Week 9 - Stories of the Japanese Prefectures (Absolute Beginner Book Club)

都道府県のおはなし 低学年 - Stories of the Japanese Prefectures :jp:

Week 9 - Pages 38-41

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Week 10: Link

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Useful article on Hyogo’s Teppo Water Cider. It’s helpful to know that cider in Japan is not a fermented apple drink but more like Sprite or 7up.

Osaka-prefecture translation

Comedy and takoyaki

Usually comprised of two people, the funny man and the straight man, that make the guests laugh by having funny conversation, the manzai. They occasionally use tools and such, performing pretty funny (or somewhat funny, see below) plays, the skits. These “comedys”, also popular on TV thrive (there we go, weekly さかん) especially in Osaka.
Osaka’s performance culture, kabuki* and bunraku**, going on since the olden days, might have had an influence on this.
Also, Osaka is called the town of “kuidaore”. “Kuidaore” means spending so much by eating, that you become poor, but it’s only said about Osaka, because of how many different delicious things there are.
There is a food, that spread across all of Japan, known as the taste of the Osaka commoners’ food. That is the takoyaki. Eating piping hot takoyaki, while repeatedly blowing it is fun, isn’t it?

* Kabuki… A play unique to Japan done in the Edo period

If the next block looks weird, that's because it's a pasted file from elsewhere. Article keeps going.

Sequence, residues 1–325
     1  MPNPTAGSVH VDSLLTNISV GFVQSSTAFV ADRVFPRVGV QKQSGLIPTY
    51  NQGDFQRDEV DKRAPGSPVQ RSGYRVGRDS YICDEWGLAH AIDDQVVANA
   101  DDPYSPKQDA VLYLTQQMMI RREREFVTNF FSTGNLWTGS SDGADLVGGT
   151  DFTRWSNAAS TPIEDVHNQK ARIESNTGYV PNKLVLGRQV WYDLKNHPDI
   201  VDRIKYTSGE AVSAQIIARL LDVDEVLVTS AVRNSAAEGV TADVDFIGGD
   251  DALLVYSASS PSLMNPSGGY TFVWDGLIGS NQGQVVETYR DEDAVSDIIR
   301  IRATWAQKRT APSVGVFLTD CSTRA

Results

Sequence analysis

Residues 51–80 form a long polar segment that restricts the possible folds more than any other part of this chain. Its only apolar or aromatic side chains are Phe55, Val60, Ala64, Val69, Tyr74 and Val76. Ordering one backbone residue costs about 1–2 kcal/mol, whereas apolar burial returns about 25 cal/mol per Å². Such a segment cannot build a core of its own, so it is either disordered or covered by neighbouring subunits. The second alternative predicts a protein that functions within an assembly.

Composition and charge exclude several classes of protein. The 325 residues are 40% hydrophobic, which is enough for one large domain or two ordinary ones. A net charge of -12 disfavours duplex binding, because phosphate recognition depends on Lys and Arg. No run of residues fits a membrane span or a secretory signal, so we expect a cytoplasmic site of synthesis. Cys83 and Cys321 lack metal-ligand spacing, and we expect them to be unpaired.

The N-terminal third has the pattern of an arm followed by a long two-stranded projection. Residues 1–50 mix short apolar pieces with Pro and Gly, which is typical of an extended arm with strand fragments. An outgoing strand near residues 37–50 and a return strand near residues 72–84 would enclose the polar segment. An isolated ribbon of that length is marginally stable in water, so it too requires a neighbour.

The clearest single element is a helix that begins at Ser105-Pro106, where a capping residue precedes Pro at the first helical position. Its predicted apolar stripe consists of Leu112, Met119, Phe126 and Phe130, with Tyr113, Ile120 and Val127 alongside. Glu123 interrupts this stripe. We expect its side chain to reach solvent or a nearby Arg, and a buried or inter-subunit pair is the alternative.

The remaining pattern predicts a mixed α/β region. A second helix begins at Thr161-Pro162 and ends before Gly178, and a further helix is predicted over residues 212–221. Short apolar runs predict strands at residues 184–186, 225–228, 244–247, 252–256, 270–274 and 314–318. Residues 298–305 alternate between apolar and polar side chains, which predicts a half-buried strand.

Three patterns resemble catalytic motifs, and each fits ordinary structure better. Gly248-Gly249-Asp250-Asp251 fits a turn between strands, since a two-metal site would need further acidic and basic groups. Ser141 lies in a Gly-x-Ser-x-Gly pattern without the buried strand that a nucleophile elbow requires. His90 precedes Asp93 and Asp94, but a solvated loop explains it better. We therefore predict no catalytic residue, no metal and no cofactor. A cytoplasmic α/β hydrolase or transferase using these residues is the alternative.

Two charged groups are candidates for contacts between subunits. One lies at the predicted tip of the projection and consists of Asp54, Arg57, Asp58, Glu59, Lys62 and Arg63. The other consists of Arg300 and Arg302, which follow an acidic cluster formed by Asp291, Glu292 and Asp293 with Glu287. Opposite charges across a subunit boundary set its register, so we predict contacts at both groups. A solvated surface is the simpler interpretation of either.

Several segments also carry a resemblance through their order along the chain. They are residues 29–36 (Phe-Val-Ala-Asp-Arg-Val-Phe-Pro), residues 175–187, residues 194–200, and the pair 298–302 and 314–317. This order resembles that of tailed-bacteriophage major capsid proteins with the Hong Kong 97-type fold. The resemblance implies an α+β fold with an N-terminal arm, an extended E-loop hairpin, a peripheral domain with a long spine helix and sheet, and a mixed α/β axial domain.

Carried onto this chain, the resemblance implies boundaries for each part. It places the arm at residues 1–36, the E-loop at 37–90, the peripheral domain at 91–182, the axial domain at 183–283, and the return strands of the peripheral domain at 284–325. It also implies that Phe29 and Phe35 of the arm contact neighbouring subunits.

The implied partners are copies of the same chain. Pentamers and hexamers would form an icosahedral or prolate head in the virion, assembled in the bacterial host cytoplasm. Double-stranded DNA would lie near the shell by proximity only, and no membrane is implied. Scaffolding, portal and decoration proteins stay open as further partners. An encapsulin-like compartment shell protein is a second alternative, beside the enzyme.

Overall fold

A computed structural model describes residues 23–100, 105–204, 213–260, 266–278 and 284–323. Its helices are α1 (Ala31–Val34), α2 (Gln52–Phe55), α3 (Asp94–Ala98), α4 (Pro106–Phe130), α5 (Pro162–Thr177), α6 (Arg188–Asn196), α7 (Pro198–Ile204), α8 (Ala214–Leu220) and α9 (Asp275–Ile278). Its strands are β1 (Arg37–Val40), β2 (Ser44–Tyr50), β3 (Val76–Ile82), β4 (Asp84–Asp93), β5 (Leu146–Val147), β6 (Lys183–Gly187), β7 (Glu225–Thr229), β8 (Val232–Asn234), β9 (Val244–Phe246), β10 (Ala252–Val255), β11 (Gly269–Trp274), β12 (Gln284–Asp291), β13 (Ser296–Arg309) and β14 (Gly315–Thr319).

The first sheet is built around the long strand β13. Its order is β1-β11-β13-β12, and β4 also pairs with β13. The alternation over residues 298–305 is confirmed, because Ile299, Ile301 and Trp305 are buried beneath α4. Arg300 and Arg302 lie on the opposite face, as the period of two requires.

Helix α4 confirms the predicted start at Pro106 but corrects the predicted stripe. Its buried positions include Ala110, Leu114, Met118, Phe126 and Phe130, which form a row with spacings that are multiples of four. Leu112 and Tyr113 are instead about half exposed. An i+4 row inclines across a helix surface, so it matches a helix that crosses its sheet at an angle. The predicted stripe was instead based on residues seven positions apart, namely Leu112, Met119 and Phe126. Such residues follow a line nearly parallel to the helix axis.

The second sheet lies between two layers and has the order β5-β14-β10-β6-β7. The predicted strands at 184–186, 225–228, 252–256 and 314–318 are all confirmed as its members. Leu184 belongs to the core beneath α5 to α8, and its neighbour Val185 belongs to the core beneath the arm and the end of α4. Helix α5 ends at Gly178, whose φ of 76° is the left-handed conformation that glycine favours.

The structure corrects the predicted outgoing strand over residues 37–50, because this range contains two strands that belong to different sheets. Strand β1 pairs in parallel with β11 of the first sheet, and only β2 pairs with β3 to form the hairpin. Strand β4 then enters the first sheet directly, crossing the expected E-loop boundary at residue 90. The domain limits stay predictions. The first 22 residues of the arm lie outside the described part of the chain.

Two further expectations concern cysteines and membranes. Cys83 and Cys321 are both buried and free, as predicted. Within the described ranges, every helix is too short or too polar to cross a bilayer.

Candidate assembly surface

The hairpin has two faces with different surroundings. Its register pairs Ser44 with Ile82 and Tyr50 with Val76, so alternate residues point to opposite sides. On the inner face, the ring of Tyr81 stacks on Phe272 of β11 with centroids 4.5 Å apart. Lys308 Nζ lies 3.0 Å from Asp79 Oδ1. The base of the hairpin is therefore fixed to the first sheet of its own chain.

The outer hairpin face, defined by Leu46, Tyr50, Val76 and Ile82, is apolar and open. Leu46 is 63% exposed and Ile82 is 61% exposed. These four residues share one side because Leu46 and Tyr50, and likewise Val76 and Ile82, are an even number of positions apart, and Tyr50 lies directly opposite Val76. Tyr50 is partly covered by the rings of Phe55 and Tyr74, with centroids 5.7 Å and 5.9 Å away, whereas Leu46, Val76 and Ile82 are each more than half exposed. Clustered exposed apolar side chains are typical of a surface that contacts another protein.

** Bunraku… A play accompanied by Shumisen (Japanese lute), where they used (lit.: puppeted, but sounds bad) puppets.

❶ Who are the funny man and the straight man, that have funny conversations, making guests laugh? Circle the correct answer!
ア Manzai
イ Konto
❷ What are kabuki and bunraku? Fill in the blanks!
❸ Fill in the blank, so that it’s a correct sentence about “Kuidaore”.
❹ What is the food, that’s spread all accross Japan as the Osaka commoners’ food?

So because the funniest of them all is of course Japanese, ちょっとした is either slightly or quite:
so what tells me exactly which? Not sure, please do tell me.

Hyougo-prefecture translation

The birth of lemonlime

Everyone, do you like lemon-lime?
It is said, that the origin of lemon-lime is in Arima onsen in the Hyougo-prefecture, where sugar was added to the “carbonated spring”.
This lemon-lime was at first sold with the name “Teppoumizu (gun water)”. They say it was because if you put the lemon-lime in a bottle and put the cap on, the strength of the carbonated water would shoot the cap off.

❶ Fill in the blank so that it’s a correct sentence about lemon-lime!
❷ What is in lemon-lime, that made the bottles filled with it have their cap shot off? Fill in the four characters!

Nara-prefecture translation

The Great Buddha and deers

Long ago, the period, before the capital was moved to Kyoto is called the Nara period, when the capital was in Nara.
During that period, at the wish of the emperor, the Great Buddha of the Todaiji Temple was created. This Great Buddha has a height of approximately 15 meters. To create this Great Buddha, 2,600,000 people were involved in the construction.
A lot of wild deer live in the Nara park at the Todaji temple. Said to be the familiars of the gods, these carefully protected deer have been living in the area for a long time.

❶ What moved from Nara to Kyoto a long time ago? Circle the one correct option!
ア The capital
イ The Great Buddha